“Let’s go on Facebook, see what medication Erin’s on today,” said my boss with a smile as he opened up his laptop. “You know, you really should be careful about what you post on here. What is it again, that you take? Abilah…”
“Abilify,” I answered, pulling up a chair.
I thought about what he said all day, even as my brain filled to bursting with the exhilarating information overload that comes with starting a new, exciting job. I thought about it as I looked for apartments with the nuttiest realtor I’ve ever met, and I thought about it as I snaked homeward down the southeast expressway.
It’s not a new thought, that I should be a little less candid. Nobody needs to know what medications I take, nobody needs to know that I went to McLane, nobody needs to know my history, or my struggles, or my triumphs. But I think it’s important to break stereotypes and foster open dialogue. There’s still so much shame associated with being mentally ill, and so much stigma attached to taking medication to mitigate its effects, that I sometimes think EVERYONE who’s been depressed should start a blog. At least then we’d know we were in good company.
I’m a highly functioning person. Even when I was actively depressed, I was a highly functioning person. Even when I got to the point of being suicidal, I was operating on a level that most people would find acceptably, even extremely, productive. I was hired to my first industry job when I was 22, when I was 26 I had a co producer credit on a multi-million PBS documentary, and between 27 and 30 I devoted myself to learning every aspect of production and post. My entire resume was built on the back of my unmedicated depression. Because of the stigma, I was incredibly reluctant to “cave in” and take the pills my on-again, off-again therapists would try to prescribe.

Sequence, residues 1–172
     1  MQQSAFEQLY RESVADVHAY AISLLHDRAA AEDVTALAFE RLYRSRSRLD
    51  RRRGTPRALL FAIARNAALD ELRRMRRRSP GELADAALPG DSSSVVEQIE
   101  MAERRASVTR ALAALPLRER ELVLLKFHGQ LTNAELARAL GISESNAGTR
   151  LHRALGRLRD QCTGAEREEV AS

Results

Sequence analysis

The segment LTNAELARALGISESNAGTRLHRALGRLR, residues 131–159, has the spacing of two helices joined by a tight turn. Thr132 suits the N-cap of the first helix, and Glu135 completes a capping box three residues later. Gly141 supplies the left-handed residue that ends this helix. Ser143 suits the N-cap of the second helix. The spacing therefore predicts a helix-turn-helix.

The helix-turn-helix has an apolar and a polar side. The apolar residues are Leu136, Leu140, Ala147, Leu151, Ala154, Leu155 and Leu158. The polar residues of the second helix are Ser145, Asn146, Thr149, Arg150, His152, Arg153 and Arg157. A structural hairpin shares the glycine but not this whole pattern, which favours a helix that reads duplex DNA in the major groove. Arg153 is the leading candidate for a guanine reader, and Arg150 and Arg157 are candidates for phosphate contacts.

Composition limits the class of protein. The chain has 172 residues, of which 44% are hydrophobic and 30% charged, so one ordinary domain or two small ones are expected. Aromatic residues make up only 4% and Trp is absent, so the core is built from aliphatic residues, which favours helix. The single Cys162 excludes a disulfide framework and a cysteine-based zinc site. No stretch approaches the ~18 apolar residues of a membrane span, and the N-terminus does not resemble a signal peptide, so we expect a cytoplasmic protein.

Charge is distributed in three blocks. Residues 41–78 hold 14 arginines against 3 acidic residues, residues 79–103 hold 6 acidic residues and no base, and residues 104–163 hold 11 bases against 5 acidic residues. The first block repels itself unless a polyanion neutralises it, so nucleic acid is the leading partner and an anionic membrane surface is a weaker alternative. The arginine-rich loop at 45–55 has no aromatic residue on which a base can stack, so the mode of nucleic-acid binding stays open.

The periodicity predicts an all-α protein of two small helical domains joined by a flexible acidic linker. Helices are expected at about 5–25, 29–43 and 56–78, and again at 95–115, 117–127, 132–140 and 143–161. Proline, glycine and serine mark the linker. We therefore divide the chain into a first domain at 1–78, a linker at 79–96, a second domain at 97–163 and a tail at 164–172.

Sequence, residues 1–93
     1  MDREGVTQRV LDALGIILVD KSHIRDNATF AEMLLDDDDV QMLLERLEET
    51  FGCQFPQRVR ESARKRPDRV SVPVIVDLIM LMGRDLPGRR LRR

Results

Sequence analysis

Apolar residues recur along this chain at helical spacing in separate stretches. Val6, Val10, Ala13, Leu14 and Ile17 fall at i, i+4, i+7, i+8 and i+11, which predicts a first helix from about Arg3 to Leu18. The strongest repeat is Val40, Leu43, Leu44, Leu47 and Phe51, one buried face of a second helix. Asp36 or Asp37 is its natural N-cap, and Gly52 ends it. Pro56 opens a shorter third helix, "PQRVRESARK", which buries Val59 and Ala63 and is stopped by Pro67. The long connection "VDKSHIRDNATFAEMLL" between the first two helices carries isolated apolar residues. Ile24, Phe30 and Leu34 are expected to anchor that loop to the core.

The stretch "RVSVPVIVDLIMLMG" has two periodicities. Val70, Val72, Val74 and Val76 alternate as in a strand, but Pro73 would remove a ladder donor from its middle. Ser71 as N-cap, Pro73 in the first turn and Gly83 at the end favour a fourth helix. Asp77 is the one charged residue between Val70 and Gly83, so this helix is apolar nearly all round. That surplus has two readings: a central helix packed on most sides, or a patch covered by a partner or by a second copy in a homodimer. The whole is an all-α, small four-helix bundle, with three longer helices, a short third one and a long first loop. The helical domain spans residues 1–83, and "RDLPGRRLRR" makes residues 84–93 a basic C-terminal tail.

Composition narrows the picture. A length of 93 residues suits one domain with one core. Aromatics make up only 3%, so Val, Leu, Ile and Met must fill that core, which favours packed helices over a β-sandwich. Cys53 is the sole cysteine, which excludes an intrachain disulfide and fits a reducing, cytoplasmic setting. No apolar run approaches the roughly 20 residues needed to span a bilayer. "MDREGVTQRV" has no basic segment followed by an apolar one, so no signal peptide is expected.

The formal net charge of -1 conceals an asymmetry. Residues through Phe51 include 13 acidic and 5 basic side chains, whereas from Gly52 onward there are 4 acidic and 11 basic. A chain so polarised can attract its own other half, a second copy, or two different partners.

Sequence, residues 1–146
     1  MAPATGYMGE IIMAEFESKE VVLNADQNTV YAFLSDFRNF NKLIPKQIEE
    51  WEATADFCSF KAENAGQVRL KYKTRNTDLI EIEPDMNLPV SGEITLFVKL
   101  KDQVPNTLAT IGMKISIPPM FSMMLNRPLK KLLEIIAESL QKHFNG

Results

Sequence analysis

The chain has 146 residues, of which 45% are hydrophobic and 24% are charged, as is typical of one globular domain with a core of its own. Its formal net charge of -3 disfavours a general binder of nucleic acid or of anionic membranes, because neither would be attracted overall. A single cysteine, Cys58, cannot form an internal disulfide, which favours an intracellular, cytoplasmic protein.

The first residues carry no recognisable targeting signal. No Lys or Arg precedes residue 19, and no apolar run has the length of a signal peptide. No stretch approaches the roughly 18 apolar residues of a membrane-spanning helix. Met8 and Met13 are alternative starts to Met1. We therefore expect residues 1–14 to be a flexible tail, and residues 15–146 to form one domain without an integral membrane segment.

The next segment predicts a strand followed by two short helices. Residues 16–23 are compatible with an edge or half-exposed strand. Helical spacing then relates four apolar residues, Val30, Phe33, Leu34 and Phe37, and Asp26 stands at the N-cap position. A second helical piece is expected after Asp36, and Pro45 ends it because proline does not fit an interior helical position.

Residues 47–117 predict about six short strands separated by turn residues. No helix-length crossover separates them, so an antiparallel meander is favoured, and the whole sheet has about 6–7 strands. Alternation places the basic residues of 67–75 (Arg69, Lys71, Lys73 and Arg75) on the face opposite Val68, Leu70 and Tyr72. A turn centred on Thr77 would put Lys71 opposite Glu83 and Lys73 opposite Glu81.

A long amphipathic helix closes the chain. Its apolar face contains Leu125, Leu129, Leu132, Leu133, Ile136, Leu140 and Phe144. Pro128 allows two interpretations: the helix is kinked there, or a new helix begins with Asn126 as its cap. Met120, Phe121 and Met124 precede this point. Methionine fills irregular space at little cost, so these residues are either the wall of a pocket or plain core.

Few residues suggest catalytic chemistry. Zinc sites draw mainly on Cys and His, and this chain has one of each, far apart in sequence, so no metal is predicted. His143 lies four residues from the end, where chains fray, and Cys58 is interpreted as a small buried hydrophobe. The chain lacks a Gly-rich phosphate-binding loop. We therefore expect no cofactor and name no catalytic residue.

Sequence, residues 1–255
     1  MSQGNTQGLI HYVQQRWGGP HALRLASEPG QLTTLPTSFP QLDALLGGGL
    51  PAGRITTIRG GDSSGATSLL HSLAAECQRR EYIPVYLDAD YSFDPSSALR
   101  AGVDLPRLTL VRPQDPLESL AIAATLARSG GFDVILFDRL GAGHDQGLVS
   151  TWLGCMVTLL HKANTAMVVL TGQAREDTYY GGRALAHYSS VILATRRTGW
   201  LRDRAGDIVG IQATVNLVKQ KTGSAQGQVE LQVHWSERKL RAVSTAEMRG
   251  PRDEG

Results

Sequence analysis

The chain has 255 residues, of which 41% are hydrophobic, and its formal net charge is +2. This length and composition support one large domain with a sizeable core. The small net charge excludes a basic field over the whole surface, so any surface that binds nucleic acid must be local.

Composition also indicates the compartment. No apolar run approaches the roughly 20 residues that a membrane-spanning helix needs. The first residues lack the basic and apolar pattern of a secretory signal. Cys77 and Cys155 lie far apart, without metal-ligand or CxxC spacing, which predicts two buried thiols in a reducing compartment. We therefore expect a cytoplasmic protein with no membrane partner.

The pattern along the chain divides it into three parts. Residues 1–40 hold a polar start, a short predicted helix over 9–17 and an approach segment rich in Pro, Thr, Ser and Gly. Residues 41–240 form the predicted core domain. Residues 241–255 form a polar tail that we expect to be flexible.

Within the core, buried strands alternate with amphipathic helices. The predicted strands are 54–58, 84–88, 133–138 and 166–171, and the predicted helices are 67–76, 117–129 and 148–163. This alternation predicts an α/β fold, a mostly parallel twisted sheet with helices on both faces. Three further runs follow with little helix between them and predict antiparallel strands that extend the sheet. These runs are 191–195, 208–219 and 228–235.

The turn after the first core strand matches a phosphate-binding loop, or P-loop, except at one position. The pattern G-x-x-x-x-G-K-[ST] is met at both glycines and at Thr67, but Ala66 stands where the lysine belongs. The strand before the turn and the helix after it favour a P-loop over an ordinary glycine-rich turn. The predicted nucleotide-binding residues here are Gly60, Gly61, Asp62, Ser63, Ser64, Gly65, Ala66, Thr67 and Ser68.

My life is so much better now that I’ve caved.
I know that potential employers will likely google me and find all of this, and I know that this might one day hinder my job search efforts. My blog comes up on the first page, it’s not like you have to dig very far. But this candor is not something I’ve done without thinking, considering, and weighing the options. In the end, I come out with this:
I held all this in for so long, lived in shame, and when I was in my darkest moments I felt so alone. I thought nobody else (except CRAZY people) could possibly feel the way I was feeling.
Guess what. I’m not crazy. Neither are you. But we feel these ways sometimes. And there’s no shame in taking steps to make yourself better.